A few months ago, a Magpie reader wrote to tell me that her six-year-old son had passed away unexpectedly, and that, after his death, she had discovered hundreds of photos he had taken on his iPad, many of (in her words) “everyday things he found beautiful — light/shadow, flowers, a bumblebee, our dog.” She went on to write: “Looking closely is what our children do best. It doesn’t require patience or practice for them; they innately know how to do it. To see things through their wondrous eyes and love things with their entire hearts.”
I have been holding this mother, and the memory of her son, in my heart for weeks now. I think of her boy often when I catch my daughter taking selfies on my phone, or with her plastic-y Tonka truck style camera, its viewfinder the size of a thumbnail, or when I rifle through the mountain of drawings my children routinely leave on our countertops and shove beneath our bedroom door in the morning. Their dawn contributions map out a constellation of insular references: the pool where they spend their days, the Lisa-Frank-style cheetahs drafted from a new coloring book, a stick figure with a pink dress on “because pink is your favorite color.” I think of her boy, too, when my four-year-old son is desperately trying to communicate a string of details that have no discernible interconnectedness, as he did yesterday, when he was telling me about feathers, and trees, and “those yellow ones?” I still can’t quite make out the object from his verbal penumbra, but I listen to him and I strain to honor the narrow web that makes up his tiny world without dismissal.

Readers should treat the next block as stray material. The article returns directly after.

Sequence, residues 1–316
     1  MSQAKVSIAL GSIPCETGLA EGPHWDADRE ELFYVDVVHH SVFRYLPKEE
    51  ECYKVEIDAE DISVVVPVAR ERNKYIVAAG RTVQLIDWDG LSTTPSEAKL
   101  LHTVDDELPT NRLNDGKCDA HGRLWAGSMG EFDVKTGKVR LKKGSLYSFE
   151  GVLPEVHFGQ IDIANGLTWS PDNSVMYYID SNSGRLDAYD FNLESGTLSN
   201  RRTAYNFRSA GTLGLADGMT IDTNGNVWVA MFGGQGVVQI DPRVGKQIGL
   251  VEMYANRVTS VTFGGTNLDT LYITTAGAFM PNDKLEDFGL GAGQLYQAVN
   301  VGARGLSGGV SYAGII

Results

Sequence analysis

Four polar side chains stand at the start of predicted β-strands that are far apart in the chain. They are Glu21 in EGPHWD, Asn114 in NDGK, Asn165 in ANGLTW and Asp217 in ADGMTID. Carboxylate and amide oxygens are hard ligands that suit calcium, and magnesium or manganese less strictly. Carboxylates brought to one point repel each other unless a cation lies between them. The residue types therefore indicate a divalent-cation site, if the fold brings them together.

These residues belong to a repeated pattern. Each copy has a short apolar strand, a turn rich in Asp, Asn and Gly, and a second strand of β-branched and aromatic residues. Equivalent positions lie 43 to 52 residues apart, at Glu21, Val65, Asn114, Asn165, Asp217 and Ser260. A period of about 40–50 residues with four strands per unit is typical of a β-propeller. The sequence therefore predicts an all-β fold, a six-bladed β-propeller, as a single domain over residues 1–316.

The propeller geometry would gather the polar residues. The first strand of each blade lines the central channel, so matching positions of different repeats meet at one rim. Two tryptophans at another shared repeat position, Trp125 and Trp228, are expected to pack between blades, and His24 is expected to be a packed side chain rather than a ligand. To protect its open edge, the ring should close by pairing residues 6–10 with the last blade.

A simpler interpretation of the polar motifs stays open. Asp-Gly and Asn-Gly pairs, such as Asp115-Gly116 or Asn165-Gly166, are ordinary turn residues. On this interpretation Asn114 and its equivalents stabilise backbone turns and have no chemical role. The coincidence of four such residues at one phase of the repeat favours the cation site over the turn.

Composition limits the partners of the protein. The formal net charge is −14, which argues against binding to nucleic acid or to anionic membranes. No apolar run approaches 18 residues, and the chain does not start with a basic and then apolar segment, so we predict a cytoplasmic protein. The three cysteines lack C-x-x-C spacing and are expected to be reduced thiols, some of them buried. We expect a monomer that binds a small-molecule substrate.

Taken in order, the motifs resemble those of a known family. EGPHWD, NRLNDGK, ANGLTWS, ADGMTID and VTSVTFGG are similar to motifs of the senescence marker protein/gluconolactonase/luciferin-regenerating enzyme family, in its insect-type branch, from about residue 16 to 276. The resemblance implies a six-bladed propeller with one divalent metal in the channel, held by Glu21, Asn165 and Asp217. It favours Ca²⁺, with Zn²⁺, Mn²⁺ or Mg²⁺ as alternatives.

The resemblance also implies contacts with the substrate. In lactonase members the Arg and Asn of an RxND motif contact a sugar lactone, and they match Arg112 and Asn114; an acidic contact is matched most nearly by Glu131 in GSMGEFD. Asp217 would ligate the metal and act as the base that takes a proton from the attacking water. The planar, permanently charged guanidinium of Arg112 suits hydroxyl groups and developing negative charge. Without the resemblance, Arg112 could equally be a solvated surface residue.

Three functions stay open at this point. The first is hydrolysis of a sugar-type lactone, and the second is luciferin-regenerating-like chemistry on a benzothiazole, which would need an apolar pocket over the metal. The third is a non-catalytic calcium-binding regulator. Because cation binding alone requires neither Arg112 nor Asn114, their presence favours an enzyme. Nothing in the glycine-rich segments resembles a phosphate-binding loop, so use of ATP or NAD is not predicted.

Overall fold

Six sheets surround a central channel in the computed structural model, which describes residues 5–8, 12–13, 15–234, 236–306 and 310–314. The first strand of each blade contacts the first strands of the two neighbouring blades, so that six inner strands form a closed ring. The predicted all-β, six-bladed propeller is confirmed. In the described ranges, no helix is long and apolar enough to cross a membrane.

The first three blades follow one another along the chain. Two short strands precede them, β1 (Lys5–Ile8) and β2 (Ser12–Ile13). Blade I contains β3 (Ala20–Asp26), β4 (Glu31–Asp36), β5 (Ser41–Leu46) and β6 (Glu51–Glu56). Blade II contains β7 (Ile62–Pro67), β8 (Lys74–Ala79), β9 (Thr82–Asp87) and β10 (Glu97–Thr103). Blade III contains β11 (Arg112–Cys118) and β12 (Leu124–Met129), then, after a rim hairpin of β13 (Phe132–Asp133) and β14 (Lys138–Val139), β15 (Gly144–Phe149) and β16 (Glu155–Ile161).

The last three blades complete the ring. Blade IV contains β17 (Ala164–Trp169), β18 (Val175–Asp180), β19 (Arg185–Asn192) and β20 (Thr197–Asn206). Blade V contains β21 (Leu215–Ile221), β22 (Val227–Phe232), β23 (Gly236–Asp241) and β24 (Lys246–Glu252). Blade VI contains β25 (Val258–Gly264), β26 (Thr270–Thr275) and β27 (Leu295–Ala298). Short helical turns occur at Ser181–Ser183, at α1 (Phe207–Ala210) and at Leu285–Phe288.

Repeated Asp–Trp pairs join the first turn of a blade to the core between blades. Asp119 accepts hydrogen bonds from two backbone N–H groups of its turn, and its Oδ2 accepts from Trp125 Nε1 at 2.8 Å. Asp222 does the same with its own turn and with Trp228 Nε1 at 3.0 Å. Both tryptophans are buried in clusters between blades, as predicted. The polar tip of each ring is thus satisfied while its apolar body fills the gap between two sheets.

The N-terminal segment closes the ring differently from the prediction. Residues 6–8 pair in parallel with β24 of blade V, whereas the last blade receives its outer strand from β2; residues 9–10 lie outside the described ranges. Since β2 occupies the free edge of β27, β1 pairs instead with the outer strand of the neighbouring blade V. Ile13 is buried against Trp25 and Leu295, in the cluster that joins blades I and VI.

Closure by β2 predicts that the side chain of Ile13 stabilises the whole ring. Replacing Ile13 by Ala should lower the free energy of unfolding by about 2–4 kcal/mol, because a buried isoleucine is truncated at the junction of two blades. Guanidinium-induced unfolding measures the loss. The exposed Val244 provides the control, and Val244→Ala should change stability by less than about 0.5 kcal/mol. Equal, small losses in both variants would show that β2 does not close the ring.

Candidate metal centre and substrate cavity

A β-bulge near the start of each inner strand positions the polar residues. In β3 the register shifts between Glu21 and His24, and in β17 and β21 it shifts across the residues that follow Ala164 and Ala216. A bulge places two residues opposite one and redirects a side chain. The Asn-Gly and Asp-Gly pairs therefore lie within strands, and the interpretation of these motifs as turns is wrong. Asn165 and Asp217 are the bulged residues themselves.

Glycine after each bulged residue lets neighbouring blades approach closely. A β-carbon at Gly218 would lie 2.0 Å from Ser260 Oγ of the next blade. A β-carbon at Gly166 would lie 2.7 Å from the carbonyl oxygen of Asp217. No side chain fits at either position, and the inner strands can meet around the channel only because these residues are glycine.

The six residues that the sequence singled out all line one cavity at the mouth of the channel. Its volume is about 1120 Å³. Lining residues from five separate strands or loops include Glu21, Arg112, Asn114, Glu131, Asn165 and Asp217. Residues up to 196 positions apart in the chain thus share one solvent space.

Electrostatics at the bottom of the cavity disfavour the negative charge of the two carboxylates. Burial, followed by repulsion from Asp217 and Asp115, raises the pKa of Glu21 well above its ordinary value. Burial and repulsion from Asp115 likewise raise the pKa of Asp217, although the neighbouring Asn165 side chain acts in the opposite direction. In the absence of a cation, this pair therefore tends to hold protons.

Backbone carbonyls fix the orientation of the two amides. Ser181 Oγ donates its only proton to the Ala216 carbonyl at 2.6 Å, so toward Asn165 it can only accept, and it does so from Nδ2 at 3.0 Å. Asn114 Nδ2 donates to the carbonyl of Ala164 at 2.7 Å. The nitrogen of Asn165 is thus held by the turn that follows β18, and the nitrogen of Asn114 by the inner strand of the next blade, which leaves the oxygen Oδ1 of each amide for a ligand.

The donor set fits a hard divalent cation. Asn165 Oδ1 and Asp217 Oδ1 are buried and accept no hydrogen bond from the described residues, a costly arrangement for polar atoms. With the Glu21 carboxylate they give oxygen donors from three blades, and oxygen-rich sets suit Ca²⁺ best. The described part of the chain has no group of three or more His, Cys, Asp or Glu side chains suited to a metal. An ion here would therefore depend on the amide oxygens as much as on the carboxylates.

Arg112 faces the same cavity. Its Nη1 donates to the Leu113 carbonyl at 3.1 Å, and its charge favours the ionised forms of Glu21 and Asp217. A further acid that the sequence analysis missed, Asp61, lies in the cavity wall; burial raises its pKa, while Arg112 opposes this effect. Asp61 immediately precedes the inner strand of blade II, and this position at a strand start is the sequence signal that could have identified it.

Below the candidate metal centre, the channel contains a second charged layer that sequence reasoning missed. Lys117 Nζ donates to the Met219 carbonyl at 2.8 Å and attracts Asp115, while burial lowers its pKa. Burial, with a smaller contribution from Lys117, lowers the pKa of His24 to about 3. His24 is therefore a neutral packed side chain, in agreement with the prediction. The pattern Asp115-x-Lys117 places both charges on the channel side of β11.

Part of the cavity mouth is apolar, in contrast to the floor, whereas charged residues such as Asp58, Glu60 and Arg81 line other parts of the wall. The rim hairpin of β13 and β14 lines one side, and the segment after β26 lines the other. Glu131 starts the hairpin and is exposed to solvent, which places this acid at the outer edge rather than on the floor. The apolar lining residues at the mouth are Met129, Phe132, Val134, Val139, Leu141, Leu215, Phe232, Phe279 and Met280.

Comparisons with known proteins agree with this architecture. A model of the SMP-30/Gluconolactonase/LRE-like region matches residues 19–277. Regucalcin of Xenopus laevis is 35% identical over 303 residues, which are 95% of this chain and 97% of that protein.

It can be, let me be honest, a challenge to maintain adequate wonder as a parent. I remain continuously at war with the everyday monotony of child-rearing, the way it can obscure or dullen the sweetness and magic of early childhood. Because bedtime, for me, often shape-shifts into a hurdle. Bathtime can feel like an aching back. Dinnertime can sound like a repeating volley of “bottom in your seat” and “try at least one bite” and “if you’re not hungry enough for dinner, you’re not hungry enough for dessert.” I know I do not need to apologize or qualify these truths to this community. I know I can look honestly at my experience of motherhood in your company.
And yet. I also know that there are mothers reading this who miss the bathtimes, the marinara-stained cheeks, the “Mama!” cried out in the middle of the night. And so I want to sit for a minute in the discomfort of knowing that all of the parts of motherhood — even the deeply fatiguing ones we must muscle through with grit — are a privilege.
I am writing this for you, A., because you have been to hell and back, and I see you in your grief. I remember your son, the legacy of his photos, when I am running on empty as a mother. Sending love, and always —
Onward we go.
+If you’re looking for shopping, I shared a roundup of the top links and looks on my mind last night.